Your Money: A novel approach to politicians, markets

"Trade the Congressional Effect," by Eric T. Singer.
"Trade the Congressional Effect," by Eric T. Singer.
Posted: October 17, 2012

Bearish or bullish on politicians? With the looming fiscal cliff of scheduled tax and budgetary changes and lawmakers' inability to put their necks on the line and make tough decisions, investors are intensely watching the approach of the Nov. 6 elections.

Keying off of investors' anxiety is Eric T. Singer, who manages the Congressional Effect Fund (symbol: CEFFX). His investment philosophy for this mutual fund is a novel one: to sidestep Congress altogether and invest only on the days when the House and Senate are not in session. Singer argues that lawmakers do more harm than good for the markets.

His new book, Trade the Congressional Effect: How to Profit from Congress' Impact on the Stock Market, claims that Congress hurts the portfolios of almost every American. When Congress is in session, there is a negative effect on equities markets, according to Singer. He cites the following statistics:

From 1965 through 2011, based on the typical 256 days of trading each year, on the 7,900 days that Congress was in session, the stock market went up in price less than 1 percent on an annualized basis.

During the same period, on the 4,100 days that Congress was in recess or on vacation, the stock market went up more than 16 percent annualized.

Statistically, the data are identical going back to 1897 day-by-day.

One dollar invested only on Congress-in-session days from 1897 through 2011 would have compounded by price action into just $2. And a $1 invested just on congressional vacation days would have compounded into more than $300 in 115 years.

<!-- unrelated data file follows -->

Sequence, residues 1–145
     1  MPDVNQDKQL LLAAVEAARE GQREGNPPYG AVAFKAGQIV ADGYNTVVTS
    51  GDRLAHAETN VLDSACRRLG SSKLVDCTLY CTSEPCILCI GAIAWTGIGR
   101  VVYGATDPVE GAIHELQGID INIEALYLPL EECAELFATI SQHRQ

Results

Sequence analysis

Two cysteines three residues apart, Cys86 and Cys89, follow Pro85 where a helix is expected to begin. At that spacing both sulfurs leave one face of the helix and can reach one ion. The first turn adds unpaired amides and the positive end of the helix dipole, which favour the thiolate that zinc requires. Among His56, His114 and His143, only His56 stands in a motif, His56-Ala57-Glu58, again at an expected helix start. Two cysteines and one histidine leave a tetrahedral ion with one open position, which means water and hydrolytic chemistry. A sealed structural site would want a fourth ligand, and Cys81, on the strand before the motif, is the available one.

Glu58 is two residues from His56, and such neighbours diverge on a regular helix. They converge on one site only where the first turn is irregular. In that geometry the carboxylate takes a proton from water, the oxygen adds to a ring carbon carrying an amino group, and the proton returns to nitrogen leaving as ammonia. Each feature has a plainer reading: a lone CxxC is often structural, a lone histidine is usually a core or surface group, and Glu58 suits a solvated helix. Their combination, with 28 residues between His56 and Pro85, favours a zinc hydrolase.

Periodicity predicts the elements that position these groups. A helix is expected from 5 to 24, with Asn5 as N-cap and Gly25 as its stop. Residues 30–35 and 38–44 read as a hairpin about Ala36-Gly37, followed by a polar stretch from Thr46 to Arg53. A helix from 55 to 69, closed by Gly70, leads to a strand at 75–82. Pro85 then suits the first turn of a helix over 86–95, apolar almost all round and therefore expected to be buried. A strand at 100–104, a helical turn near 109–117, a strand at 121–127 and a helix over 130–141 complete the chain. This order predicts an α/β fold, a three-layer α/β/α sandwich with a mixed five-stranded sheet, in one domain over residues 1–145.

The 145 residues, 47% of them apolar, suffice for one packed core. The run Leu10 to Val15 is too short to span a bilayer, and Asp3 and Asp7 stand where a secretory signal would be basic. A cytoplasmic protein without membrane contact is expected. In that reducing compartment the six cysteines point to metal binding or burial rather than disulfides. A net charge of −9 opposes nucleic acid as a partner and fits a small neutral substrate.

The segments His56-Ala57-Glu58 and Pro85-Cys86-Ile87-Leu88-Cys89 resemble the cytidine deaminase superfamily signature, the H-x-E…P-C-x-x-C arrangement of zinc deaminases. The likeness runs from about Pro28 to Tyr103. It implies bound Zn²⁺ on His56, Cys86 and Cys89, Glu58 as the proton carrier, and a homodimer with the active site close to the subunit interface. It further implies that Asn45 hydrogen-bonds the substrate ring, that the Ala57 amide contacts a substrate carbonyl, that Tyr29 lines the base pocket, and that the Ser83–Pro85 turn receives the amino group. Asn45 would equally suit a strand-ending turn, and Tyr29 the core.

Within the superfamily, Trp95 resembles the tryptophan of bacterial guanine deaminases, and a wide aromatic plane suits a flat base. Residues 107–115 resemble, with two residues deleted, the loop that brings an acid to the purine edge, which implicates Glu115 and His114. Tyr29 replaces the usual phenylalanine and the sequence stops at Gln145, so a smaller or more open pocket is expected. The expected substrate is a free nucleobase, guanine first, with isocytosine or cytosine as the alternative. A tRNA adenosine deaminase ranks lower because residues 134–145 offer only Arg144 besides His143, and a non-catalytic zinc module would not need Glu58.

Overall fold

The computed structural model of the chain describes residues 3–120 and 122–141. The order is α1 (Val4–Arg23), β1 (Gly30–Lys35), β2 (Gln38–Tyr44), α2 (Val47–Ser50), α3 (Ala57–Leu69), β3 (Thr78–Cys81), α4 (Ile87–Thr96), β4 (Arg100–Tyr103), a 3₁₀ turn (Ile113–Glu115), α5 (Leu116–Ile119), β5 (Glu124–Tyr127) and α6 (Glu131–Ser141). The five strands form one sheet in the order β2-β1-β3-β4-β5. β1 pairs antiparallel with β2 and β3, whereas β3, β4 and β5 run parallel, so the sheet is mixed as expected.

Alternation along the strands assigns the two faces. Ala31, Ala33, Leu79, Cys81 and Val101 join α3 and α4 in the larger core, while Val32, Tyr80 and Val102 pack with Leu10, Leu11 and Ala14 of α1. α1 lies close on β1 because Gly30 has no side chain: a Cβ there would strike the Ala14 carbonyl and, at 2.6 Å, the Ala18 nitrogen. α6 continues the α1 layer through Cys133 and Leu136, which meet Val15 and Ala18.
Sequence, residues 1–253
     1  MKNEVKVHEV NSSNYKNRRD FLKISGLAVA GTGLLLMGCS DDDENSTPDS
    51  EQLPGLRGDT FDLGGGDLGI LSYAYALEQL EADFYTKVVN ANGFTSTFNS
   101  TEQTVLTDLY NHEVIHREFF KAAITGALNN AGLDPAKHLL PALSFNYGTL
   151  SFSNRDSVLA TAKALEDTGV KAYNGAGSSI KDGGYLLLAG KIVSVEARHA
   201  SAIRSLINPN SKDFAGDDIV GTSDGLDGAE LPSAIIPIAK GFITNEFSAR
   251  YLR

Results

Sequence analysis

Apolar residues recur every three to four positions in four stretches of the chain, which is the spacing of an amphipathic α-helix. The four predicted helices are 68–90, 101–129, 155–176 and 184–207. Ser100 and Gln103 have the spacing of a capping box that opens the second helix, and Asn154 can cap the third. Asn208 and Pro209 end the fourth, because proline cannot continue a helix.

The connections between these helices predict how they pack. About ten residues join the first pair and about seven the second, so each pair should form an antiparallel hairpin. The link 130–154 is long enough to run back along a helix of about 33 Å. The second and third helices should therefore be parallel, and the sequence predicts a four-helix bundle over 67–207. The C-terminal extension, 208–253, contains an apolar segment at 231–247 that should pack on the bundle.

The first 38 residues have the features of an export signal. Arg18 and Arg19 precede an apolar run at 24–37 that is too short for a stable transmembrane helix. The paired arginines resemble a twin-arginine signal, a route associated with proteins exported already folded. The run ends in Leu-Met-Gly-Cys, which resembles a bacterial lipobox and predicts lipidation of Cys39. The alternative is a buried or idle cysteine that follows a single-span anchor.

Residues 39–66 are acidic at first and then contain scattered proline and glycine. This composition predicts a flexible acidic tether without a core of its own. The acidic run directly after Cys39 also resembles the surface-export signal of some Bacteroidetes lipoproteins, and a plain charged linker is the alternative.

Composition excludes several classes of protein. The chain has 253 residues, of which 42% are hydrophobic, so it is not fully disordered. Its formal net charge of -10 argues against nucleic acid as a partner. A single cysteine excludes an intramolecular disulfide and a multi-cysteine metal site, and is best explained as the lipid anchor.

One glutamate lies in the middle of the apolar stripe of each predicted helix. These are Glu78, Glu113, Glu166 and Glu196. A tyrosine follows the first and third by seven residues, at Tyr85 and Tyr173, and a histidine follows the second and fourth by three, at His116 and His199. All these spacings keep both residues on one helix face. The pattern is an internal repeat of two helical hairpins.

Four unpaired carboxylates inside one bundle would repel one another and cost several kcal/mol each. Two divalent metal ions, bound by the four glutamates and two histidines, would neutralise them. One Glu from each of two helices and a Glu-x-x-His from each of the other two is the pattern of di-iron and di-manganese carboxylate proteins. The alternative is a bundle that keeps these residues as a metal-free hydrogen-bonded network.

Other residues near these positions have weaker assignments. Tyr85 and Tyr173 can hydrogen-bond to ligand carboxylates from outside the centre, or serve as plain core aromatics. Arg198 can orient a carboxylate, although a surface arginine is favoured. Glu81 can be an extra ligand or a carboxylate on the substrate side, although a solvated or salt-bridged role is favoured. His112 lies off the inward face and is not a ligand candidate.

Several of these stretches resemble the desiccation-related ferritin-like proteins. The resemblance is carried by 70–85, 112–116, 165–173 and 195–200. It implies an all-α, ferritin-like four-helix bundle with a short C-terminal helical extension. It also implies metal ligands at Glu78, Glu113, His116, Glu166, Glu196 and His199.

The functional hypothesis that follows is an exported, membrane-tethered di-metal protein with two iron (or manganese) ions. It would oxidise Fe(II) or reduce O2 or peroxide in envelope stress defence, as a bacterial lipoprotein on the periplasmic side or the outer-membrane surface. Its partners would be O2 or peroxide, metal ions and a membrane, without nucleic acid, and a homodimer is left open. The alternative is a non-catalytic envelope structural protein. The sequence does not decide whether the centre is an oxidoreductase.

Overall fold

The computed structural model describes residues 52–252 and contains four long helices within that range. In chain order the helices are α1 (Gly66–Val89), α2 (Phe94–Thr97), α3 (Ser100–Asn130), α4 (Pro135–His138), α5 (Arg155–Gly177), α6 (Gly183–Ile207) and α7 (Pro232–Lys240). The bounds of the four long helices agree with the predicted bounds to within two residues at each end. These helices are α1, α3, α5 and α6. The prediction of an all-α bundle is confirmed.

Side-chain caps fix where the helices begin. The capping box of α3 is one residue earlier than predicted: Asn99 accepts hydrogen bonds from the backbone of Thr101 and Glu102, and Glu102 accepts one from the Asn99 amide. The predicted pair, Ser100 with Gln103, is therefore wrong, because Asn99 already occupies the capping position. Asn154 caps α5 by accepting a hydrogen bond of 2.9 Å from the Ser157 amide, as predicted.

The back-testing is interesting - if you're a political junkie - but the underlying fund is gimmicky and not a good investment. Stay away.

The Congressional Effect Fund is a high-fee fund for a reason: It trades heavily in S&P 500 futures and exchange-traded funds, had a 400 percent annual turnover rate (that means the manager bought and sold the entire portfolio four times over in one year!), and carries a one-star rating from Morningstar.

According to the Congressional Effect Fund's April 2012 prospectus, which you can review on the Securities and Exchange Commission website (, the mutual fund lost 2.8 percent after taxes in 2011. The S&P 500 was up 2.1 percent the same period. So despite the sales pitch, the fund isn't even beating its own index. Have fun with the joke on Congress, but steer clear of this fund as an investor.

Taxes and election

The Grant Thornton L.L.P. office in Philadelphia sent along a terrific comparison showing the differences between presidential candidates' platforms and positions on taxes-capital gains, dividends, etc.

You can get to it on its website ( On the righthand side, click on the "Tax," tab and you can select the white paper and charts, titled "Tax policy outlook for the presidential election."

Markets and elections

A new study by MFS Investment Management details the history of the blue chips in the full year following a presidential election year, in the period from 1900-2008.

It notes that the Dow Jones Industrial Average has, on average, lost 4.4 percent in the year following a presidential election in which the incumbent party in the White House loses. On the other hand, in years when the incumbent wins, the Dow gained an average of 15.1 percent the following year, no matter the party.

In the period 1961-2010, MFS reports, in years when the same party wins control of the White House and Congress, the S&P 500 index the following year returned 12.1 percent, on average.

In years when a Democrat was president and Republicans gained control of Congress, the S&P returned an average of 21.3 percent. In years when a Republican president wins but Congress ends up controlled by Democrats, the annual return of the index the following year was up 4.5 percent. In the years that followed a presidential election year in which one party controlled the Senate and another controlled the House - regardless of who was president - the S&P returned 7.1 percent, on average.

Erin Arvedlund is a finance reporter and a resident of Philadelphia. Contact her at or 646-797-0759.

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